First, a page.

Q&A on the News

Q: With so many deer being killed by cars these days, what is the difference in the deer population now and 50 years ago? Also what is the difference in what a hunter could shoot 50 years ago and now?

—Tony V. Parrott, Fayetteville

A: The deer population in Georgia in the mid-1960s has been estimated at 125,000.

The current estimate is 1.27 million, Charlie Killmaster, the state deer biologist with the Georgia DNR Wildlife Resources Division, told Q&A on the News in an email.

Georgia had a human population of about 3.9 million in 1960. Its population was estimated at 10.2 million as of July 2015, according to the U.S. Census Bureau.

“At the same time … the number of vehicles nearly tripled, which is the other part of the equation for deer-vehicle collisions,” Killmaster said.

The bag limit in the 1960s was 1 deer (only in counties open for deer hunting). The current bag limit is 12, Killmaster wrote.

Q: During World War II, we were flying somewhere over southern Europe at 20,000 feet. We looked down and saw a round rainbow. We were told this was impossible, but there were too many to deny it. What could cause this situation?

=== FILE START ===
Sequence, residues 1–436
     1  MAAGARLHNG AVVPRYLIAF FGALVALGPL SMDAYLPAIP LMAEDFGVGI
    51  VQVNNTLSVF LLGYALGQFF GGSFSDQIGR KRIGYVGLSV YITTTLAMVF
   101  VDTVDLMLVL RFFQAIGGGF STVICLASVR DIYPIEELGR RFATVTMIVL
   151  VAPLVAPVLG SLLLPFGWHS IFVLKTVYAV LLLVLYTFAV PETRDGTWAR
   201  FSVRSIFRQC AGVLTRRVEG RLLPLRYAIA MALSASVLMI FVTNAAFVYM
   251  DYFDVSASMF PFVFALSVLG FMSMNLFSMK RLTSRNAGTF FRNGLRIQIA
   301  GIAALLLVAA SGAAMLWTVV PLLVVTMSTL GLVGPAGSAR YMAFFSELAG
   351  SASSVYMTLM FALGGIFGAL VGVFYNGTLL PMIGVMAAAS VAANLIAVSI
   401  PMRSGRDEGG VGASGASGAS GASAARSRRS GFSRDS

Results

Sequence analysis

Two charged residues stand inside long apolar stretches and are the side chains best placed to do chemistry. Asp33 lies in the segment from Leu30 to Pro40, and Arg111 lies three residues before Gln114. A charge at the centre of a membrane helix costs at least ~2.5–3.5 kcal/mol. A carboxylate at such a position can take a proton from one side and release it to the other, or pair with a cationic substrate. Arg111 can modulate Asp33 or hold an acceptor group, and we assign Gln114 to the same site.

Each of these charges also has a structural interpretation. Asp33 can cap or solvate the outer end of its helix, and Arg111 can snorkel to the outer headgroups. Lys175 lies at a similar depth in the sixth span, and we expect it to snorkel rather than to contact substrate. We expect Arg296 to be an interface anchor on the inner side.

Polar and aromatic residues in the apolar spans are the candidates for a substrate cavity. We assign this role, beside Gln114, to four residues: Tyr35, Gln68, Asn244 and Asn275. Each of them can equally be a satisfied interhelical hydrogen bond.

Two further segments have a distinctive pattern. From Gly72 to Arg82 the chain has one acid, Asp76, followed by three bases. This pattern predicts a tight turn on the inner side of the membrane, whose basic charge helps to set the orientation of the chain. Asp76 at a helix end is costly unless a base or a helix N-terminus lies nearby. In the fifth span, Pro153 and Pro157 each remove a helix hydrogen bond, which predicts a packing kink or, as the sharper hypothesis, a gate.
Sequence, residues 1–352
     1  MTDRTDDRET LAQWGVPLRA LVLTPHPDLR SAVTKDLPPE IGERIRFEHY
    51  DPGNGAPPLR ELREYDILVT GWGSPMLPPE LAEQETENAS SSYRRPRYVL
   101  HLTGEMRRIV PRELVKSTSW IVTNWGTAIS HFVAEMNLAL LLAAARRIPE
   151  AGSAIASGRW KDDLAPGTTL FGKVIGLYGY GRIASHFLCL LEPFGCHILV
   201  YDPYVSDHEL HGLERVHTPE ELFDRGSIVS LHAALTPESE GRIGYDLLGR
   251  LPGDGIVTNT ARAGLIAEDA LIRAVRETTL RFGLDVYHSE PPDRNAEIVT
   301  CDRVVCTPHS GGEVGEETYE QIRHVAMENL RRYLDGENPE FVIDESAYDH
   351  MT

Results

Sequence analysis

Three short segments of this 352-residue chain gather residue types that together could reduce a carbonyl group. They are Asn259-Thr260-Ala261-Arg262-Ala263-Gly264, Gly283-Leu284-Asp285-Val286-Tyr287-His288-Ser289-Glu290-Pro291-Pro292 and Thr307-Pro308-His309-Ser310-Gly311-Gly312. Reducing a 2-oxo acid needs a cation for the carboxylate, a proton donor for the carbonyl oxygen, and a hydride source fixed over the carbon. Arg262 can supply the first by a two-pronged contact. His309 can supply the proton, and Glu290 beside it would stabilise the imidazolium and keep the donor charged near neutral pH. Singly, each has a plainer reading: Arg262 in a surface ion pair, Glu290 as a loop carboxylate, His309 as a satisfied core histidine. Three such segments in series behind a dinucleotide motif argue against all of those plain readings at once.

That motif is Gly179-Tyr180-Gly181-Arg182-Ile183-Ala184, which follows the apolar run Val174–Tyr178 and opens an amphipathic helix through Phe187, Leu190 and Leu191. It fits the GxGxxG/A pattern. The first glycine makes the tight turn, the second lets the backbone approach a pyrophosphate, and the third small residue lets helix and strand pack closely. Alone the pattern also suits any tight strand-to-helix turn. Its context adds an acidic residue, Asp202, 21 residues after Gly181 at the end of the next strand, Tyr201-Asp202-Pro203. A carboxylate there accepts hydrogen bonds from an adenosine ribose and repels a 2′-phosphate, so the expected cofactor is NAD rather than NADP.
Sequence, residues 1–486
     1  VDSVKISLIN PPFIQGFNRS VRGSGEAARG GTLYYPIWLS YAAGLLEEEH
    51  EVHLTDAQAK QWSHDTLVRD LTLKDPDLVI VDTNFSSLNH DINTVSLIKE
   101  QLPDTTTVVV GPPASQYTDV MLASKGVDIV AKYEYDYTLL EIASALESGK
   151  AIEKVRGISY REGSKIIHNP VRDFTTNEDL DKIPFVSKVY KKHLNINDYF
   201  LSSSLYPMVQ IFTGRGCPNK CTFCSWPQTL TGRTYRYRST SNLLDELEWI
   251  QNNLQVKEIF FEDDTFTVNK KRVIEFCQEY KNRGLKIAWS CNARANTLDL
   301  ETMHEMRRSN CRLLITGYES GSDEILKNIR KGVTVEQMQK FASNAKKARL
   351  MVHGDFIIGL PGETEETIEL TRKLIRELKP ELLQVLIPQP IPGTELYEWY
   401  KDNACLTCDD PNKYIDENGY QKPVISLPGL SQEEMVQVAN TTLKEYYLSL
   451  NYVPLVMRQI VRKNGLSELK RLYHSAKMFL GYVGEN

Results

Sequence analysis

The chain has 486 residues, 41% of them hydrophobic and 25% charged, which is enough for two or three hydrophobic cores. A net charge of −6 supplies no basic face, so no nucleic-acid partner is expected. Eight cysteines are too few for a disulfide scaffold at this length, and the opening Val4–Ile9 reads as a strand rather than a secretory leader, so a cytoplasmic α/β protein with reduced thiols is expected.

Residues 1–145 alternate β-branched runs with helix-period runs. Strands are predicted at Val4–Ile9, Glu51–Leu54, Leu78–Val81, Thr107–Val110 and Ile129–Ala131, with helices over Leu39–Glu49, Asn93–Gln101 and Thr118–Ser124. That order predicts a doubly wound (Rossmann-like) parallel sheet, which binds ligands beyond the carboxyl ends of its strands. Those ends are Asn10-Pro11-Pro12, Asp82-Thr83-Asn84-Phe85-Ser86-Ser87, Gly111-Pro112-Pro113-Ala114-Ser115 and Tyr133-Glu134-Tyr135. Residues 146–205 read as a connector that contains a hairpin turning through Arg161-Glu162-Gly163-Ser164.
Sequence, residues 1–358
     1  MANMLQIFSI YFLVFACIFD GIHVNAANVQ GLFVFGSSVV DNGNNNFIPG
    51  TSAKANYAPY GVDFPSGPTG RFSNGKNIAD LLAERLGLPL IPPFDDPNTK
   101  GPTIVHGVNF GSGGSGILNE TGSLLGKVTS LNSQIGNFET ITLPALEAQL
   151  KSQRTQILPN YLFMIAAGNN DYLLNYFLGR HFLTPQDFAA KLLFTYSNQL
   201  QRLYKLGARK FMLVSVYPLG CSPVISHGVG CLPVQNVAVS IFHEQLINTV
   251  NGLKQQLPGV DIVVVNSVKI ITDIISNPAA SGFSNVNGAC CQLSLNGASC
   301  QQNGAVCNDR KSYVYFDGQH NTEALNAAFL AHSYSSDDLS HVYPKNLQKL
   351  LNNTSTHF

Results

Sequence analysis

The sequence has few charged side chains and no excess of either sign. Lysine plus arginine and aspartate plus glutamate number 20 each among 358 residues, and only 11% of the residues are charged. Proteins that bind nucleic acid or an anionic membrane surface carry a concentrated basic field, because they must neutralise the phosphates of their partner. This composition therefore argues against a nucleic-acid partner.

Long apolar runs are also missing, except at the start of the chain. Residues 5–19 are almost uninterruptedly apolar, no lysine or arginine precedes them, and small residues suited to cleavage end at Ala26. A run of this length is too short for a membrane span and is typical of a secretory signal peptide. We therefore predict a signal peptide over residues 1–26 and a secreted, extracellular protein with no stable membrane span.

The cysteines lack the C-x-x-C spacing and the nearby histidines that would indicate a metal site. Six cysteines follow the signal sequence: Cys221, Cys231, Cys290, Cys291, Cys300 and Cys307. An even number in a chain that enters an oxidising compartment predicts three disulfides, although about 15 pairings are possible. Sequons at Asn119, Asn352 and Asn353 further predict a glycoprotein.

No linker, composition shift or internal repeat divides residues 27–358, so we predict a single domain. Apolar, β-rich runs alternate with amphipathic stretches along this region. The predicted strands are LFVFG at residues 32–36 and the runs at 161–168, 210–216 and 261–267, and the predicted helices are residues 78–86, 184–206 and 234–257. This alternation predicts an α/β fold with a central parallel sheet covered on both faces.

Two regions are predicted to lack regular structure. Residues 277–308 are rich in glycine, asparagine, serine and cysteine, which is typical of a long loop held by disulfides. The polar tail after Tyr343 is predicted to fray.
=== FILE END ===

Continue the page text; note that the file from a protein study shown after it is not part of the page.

—Frank Burnette, Decatur

A: A circular rainbow is called a glory.

Glories can be observed on clouds or fog from planes or elevated points on Earth such as buildings or mountains.

They are an “optical phenomenon that’s observable when water droplets backscatter light,” NASA states at NASA.gov. “Glories look like small, circular rainbows of interlocking colors.”

Andy Johnston with Fast Copy News Service wrote this column. Do you have a question? We’ll try to get the answer. Call 404-222-2002 or email q&a@ajc.com (include name, phone and city).

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